When it comes right down to it, it’s the little things that matter. It’s the little things that make the difference. When it comes to life here in China there are plenty of big differences, but by and large they are expected differences. Things like language and food and currency. Anybody that expects those things to be the same just wasn’t paying attention to the plane they got on or something. But it’s the things that aren’t so obvious that really get you. The things that you don’t think about. The minutiae. They are what catch you off guard and smacks you in the face a little. Here are a few of the things that have jumped out at me since I have been here.
Now, when I am talking milk, I’m not talking about anything strange and exotic like yaks milk or
something. I am talking about good old white milk from a cow. Now I have travelled to a number of different countries and I have had milk in all of them. And with the exception of the sweetened milk in Vietnam I have never been taken by surprise by milk. True, it’s been a little different everywhere but it has always had two things in common. One, it has been drinkable, and two, it’s been refrigerated.
Yes, you heard me right. The milk here is not refrigerated in the supermarket when you go to buy it. It is sitting on a nice warm shelf right next to the crackers and the something or others that I am yet unable to identify. And get this, it has a one year from date produced expiry date! Yes ladies and gentlemen, warm milk to last throughout the year. I can only assume that the expiry date shortens considerably once it’s opened. If not, then I have no idea what to make of it.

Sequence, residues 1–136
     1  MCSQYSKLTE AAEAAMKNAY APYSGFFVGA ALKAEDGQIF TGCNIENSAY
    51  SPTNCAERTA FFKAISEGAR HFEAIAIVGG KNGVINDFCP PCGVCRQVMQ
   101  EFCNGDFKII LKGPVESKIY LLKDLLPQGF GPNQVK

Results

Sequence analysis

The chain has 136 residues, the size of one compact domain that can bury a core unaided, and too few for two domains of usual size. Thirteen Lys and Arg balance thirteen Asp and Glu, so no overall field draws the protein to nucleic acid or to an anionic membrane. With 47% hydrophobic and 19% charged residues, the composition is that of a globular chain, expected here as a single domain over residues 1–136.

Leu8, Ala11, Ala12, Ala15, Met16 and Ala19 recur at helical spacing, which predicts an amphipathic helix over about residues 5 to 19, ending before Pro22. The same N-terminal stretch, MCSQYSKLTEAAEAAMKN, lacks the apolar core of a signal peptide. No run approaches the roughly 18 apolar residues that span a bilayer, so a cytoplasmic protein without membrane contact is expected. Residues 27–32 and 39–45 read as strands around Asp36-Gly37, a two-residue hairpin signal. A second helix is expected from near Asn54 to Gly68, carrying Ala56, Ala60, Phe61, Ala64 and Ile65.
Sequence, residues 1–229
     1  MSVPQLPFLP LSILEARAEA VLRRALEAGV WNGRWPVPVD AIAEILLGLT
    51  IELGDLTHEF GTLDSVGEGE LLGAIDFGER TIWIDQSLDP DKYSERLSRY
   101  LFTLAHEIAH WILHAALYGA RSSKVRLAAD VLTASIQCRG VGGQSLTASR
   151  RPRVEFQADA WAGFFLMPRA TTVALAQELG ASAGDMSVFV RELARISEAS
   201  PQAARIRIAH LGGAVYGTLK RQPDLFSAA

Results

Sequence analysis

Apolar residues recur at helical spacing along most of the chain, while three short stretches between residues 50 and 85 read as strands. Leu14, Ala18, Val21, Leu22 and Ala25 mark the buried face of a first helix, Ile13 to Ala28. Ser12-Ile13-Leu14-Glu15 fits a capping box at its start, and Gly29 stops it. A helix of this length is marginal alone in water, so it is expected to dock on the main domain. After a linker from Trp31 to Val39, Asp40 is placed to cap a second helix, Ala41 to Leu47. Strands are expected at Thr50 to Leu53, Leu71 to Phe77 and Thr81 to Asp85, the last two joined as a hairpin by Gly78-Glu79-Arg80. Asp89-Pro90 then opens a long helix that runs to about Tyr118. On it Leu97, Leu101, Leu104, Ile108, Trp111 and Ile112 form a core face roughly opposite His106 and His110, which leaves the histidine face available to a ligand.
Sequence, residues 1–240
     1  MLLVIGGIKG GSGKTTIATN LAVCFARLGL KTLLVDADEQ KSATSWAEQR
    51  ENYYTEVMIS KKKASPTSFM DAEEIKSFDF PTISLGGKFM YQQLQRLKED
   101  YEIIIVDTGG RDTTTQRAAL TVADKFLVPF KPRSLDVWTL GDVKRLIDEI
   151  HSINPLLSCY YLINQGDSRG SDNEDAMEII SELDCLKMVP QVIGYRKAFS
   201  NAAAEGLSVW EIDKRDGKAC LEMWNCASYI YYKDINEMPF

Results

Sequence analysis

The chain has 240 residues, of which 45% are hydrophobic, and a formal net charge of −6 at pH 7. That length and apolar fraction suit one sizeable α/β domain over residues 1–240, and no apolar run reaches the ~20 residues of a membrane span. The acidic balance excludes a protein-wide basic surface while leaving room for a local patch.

My Chinese co-worker Kicy informed me that foreigners don’t tend to like Chinese milk. So I ended up with a German brand of milk that has a warranty on it nearly as long as that of a BMW.
So, about a week ago I decided to go to a movie. The final installment of the Terminator series was playing and I found myself suddenly craving a little theater popcorn, as I do from time to time.
So, I go by the theater in the afternoon and purchase my ticket for an 8 p.m. showing. Alright. Can’t wait to get my hands on that popcorn later. I’m even going to go a little easy on supper to make sure I have room for it. But later when I get it, I am left asking, what the hell is this?
At first glance the popcorn appeared to be horribly burnt. And it was burnt. Just not horribly so. And when I tasted it I was shocked to realize that it was covered in something sweet and sticky. Caramel corn. Now I have been to theaters where you could opt for caramel corn but I had never before been to one that served that exclusively. I was crushed. My dreams of a rich buttery popcorn dashed. The horror, the horror. Now I know how Brando felt at the conclusion of Apocalypse Now when Martin sheen chopped him to bits with some giant machete. Torn to shreds I was!
Fortunately, the popcorn wasn’t too bad and the movie experience was salvaged. Phew.
My Kitchen Taps
The picture pretty much says it all. Two taps. One for hot water, one for cold. And there is only a limited “bandwith” for the water that streams from them. So, if you turn up the hot the cold will go down. And lets not get into the fact that I can push and pull the plastic water lines all over the place.
The first thing you need to know about the chicken here is that it is fabulous. Well, at least I think so. There is a little place just outside the door to school that serves up big delicious chicken legs. You can get chicken burgers, or a chicken wrap, and of course there are fries and pop. All of it is pretty normal. Yep, pretty much like any chicken joint anywhere. Except for the plastic gloves.
At first I didn’t know why on earth they had plastic gloves in the bag. I guess the girl who put my meal together was using gloves to keep her hands clean and… put them in the bag to keep my hands clean! Haha, of course. That’s actually pretty darned smart when you think of it. So, I put my little gloves on, ate my chicken, and didn’t have gross sticky chicken hands when I was done. Sweet.
So that’s a few of the little things that have jumped out me so far in my time in China. I am sure there will be many more as time goes by. Even now I can think of the amount that they use their horns, and the great number of people who want to take my picture.
If that ain’t weird, I don’t know what is.